PHOTOGRAPHER'S JOURNAL ("Why Here?" part 12): If built as a nobleman's estate, the nobleman must have controlled great power to have built a city with terraced gardens to feed it, 2000 feet up in a mountain, where even the dirt had to be carried in by llamas.
Were the laborers greatly oppressed slaves, or did they work in the shelter of fervent belief in a god that bestowed grace and favor upon them, their nation and their children?
The Incas had no real writing. Yet their ruins tell of cultural resources accumulated over generations - not just religious teachings but engineering, agricultural knowledge, systems of broad scale governance and a dispersal and conservation of that knowledge, a class of people who knew how to plan and design and innovate.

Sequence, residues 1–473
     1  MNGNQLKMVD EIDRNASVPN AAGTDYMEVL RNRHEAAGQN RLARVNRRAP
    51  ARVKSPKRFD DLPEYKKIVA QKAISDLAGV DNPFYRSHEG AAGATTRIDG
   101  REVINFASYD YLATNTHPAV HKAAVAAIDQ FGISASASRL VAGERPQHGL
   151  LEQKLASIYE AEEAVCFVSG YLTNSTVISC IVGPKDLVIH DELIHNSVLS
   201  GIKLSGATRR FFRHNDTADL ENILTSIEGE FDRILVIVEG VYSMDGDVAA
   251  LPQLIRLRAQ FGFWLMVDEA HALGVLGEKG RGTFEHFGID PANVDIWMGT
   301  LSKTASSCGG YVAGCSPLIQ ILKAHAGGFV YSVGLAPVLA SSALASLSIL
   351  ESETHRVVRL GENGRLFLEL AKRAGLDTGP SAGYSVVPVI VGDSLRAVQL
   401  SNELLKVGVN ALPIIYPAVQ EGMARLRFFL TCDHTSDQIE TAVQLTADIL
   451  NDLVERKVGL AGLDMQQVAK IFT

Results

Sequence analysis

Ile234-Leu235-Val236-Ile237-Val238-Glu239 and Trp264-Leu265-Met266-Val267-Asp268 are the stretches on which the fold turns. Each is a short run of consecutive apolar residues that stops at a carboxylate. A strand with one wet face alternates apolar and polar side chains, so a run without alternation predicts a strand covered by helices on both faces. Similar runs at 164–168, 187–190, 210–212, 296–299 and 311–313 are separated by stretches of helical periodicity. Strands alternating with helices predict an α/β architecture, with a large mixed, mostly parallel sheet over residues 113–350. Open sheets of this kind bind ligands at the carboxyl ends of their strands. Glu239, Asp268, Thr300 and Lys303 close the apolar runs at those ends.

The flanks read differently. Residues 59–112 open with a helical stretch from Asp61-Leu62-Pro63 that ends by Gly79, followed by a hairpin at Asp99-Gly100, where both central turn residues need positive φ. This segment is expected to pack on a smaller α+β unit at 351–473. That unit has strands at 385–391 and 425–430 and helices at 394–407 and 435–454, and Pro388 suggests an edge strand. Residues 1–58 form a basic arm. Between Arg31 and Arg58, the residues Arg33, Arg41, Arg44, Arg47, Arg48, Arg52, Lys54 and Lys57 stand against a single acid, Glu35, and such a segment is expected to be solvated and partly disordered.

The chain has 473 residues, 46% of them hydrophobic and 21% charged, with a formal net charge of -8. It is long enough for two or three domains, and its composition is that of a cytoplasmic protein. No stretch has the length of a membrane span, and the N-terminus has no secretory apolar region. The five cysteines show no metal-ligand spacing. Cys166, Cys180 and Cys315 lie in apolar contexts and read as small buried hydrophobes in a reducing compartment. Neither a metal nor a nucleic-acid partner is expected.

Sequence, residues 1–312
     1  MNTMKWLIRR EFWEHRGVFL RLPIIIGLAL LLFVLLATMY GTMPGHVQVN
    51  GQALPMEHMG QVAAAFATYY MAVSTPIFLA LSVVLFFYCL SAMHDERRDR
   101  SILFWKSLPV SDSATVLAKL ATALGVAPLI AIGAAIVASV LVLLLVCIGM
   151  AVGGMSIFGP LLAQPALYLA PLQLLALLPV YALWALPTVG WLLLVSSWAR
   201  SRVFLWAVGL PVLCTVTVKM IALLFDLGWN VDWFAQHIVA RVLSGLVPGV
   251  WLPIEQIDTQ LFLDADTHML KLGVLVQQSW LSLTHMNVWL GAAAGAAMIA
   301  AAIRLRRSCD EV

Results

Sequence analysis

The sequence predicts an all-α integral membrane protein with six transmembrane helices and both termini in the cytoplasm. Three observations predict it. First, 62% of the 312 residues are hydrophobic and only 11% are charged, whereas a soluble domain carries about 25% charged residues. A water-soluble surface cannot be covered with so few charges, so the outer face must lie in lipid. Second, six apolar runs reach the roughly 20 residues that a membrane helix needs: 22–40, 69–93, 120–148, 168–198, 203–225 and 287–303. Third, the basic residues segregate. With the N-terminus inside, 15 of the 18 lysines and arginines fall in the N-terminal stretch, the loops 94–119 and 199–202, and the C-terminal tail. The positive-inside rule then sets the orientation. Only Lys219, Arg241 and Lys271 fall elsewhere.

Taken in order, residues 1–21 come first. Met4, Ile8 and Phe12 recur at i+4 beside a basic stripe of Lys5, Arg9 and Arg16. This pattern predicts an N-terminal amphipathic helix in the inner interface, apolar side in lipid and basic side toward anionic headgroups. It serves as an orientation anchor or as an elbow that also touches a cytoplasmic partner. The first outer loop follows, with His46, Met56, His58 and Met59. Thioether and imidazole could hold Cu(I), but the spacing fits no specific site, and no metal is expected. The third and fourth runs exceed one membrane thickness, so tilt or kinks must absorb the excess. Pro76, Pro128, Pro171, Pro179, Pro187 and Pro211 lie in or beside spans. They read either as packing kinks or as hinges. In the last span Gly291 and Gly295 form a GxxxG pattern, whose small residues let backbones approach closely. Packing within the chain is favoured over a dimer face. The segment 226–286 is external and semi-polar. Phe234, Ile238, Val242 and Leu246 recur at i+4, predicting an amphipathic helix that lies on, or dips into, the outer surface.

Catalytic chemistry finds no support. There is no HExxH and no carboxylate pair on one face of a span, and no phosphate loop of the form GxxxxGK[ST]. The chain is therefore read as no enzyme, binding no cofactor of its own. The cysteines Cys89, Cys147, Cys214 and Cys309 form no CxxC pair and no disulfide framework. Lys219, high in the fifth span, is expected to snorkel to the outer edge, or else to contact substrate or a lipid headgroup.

Pizarro arrives at the end of a great civil war that divided a nation that stretched through the Andes and to the edges of the jungle from Quito in the north to Cuzco 1000 miles south. Through Pizarro we get a picture of a highly organized society, communities linked by a network of roads and runners, a primitive internet, bringing Atahualpa, the king, constant news of his kingdom. It is a society that treats Atahualpa with loyal reverence and to which he always returns haughty disdain. As Pizarro makes clear, Atahualpa was a ruler of utmost wisdom, courage and composure, and he was sorry for having him garroted.
NOTE: This is a three-shot panorama capable of being printed fairly large. The people walking at all levels of the terraces are clear and sharp down to distinguishing camera bag and backpack straps.